15 Scary Movie Tropes That Predate Movies

Cinema is barely 100-odd years old -- but fear is much older. If there's a scary story around, you can bet it was told before -- or even that it happened, if it's realistically possible. History, mythology, folklore -- it's everything there already. You only need to reach out, and you'll fish out something scary, ready for the movie treatment. You don't need to take our word for it, though. Just take a look at these.

15

Cat scares are over 200 years old. - Yes, of course cats have been aggravating people since forever (that’s basically their function).  But as a storySource: University of Toronto Libraries

14

Giovanni Aldini was widely known for reanimating corpses. - Aldini, an Italian physicist, became notorious in the early 1800s for zapping animal and hSource: 9 Real Life Mad Scientists

11

You can find evil entities unwittingly liberated in The Arabian Nights. - Not all genies are as friendly as Aladdin’s. The folk tale “The fisherman anSource: Cornell University Library / Middle East & Islamic Studies Collection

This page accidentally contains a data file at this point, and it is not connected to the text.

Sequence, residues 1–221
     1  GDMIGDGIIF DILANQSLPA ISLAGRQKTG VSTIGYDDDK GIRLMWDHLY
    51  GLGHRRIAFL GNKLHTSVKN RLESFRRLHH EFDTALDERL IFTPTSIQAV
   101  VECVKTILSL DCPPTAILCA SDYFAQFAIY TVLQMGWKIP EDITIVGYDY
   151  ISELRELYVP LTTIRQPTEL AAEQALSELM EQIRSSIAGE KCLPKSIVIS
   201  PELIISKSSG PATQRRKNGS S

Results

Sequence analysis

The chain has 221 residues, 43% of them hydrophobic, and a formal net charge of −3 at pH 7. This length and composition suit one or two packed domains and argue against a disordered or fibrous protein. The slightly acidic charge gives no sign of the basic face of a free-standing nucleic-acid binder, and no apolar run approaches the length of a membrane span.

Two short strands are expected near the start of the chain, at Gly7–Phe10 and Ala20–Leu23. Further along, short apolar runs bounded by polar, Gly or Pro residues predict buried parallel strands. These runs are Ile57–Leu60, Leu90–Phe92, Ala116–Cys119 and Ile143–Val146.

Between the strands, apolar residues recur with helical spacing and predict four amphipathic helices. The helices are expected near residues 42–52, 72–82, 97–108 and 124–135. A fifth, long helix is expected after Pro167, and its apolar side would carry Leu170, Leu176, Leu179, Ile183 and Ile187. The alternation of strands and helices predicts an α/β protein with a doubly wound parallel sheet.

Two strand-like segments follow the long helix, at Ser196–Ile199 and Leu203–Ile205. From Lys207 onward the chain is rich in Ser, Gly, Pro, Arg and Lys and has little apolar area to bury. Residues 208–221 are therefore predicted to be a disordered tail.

10

Locusta was the first serial killer. - Locusta was busted in the mid first-century for poisoning people. That wasn’t the end of her career, though ---Source: 6 True Stories From History Creepier Than Any Horror Movie

7

The nopperabō freaks people out with its lack of face. - The ghosts in The Haunting of Bly Manor are creepy, aren’t they? So is the nopperabo, a similSource: Yokai.com

6

Do you want to bind demons and spirits to do your bidding? Then this 13th-century grimoire is your basic how to book. It’s held to be the model for thSources: Occult World / Sworn Book of Honorius, Occult World / Grimoires

5

The Mary Russell was the Overlook Hotel on the sea. - In June 1828, when the brig Mary Russell arrived in Ireland, seven crew members were dead. They Source: History Ireland

4

The Pale Man is part Greek, part Japanese. (Sort of.) - Who eats children and can remove their own eyes? The answer is Lamia, a monster from Greek mytSources: GreekMythology.com, Yokai.com